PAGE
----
New Jersey Governor Chris Christie has reportedly said that Bruce Harris, the first openly gay man to be nominated to the state’s supreme court, will not rule in same-sex marriage cases.
Christie told reporters that Harris, the Republican mayor of Chatham, had already said that he would recuse himself in such instances.
The governor, 49, said today that Harris told him that he has advocated for gay marriage personally and as a politician.”
If confirmed to the court, he would recuse himself from that matter because he did not want there to be the appearance of bias on his part on that issue,” Christie told reporters. “My perspective on that issue was to put it aside because he’s not going to rule on that.”
Gay rights groups lauded Gov. Christie’s nomination of Harris when it was announced last week.
Interestingly, the judicial ethics behind whether an openly gay judge in a relationship can preside over a same-sex marriage case was recently tested.
California’s Proposition 8, the ballot initiative that amended the state’s constitution to ban same-sex marriage, was overturned by federal Judge Vaughn Walker in 2010. Defendant intervenors attempted to have that ruling vacated on grounds that Walker was in a gay relationship at the time, claiming that he had a particularized interest in the outcome.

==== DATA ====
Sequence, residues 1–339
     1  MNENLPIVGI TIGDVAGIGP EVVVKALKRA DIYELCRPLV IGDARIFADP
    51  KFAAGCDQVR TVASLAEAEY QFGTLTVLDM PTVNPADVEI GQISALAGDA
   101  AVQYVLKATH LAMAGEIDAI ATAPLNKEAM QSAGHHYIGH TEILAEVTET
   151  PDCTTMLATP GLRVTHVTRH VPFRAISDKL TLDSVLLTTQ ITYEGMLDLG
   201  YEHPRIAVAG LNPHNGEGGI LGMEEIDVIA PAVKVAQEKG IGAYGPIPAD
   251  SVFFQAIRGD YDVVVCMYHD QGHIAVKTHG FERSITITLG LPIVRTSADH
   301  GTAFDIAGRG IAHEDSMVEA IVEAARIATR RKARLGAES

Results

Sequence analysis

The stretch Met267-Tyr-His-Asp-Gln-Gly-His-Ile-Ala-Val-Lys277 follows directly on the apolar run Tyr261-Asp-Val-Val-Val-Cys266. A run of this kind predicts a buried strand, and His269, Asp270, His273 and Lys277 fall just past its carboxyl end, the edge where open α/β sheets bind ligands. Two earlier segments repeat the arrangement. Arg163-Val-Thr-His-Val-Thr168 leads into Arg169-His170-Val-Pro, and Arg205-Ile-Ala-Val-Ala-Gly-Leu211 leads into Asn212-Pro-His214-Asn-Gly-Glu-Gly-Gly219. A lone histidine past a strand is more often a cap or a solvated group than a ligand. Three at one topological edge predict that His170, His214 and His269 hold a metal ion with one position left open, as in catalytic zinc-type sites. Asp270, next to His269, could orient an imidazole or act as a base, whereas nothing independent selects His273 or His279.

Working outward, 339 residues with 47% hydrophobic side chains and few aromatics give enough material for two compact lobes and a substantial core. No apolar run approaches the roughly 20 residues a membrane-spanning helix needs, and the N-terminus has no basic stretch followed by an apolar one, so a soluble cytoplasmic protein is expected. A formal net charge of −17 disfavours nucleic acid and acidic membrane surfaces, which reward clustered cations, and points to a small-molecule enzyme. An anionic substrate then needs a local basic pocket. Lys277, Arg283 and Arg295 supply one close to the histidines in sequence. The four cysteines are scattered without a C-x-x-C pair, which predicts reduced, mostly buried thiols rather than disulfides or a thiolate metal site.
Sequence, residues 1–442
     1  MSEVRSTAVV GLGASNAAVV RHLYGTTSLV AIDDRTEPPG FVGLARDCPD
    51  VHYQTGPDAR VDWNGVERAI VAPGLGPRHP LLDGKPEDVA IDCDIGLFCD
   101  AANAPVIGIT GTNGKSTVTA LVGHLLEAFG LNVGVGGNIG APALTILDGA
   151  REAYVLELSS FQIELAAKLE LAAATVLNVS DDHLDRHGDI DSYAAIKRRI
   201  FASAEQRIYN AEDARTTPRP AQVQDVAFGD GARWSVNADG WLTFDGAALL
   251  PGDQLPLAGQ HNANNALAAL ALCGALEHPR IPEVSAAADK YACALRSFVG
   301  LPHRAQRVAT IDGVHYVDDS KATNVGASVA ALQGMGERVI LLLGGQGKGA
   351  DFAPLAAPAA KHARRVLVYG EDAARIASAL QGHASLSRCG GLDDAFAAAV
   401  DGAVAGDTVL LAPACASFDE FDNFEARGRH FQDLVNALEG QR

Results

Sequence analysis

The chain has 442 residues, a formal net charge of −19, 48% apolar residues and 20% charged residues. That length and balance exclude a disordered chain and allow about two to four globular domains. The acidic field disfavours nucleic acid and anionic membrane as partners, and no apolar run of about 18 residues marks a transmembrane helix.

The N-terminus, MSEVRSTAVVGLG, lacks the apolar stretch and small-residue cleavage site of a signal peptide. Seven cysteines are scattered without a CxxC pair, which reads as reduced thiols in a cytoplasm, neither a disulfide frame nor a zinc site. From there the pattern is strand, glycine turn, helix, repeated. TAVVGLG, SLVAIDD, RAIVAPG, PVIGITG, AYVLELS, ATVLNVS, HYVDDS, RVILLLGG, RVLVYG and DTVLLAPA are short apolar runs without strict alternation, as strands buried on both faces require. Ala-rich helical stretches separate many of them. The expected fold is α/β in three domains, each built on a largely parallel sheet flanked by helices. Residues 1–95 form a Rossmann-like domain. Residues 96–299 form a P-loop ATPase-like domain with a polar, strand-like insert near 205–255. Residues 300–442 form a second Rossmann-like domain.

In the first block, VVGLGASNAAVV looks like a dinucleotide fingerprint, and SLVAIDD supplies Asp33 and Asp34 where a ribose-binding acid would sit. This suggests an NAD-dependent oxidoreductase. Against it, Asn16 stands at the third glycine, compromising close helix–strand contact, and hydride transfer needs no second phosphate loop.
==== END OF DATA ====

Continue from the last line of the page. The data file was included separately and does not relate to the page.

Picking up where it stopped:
However, this argument found little favor with District Court Judge James Ware. Ware refused the motion in June of last year, saying that, without explicit proof of bias, Vaughn Walker’s private life is of no more import than the race or sex of a judge, and if it were to be held as such it would set a dangerous precedent for all minority judges.
Similarly a three member 9th Circuit Court panel seemed skeptical of Protect Marriage’s argument that Vaughn Walker had a particularized interest in the outcome of the trial because of his being gay. The panel has yet to deliver its ruling on this issue, however. You can read more on that here.
However, and as mentioned above, it has been pointed out that Harris has a history of actively advocating for same-sex marriage. This draws a distinction between Harris being gay, which would not be the problem, and his having supported the legalization of same-sex marriage, which could be classed as a particularized interest.
This, on the face of it, is a reasonable assertion: that the issue is not whether Harris could rule impartially based on the legal issues at hand, but rather whether he should rule in such a case if public confidence in the impartiality of that ruling is to be maintained. This is, of course, a standard concern for judicial conduct.
Still, some questions may remain. Would other judges who aren’t gay be held to the same standard? For instance, and keeping a narrow focus on the issues at hand, should every judge that has publicly advocated for the so-called “traditional” definition of marriage recuse themselves?
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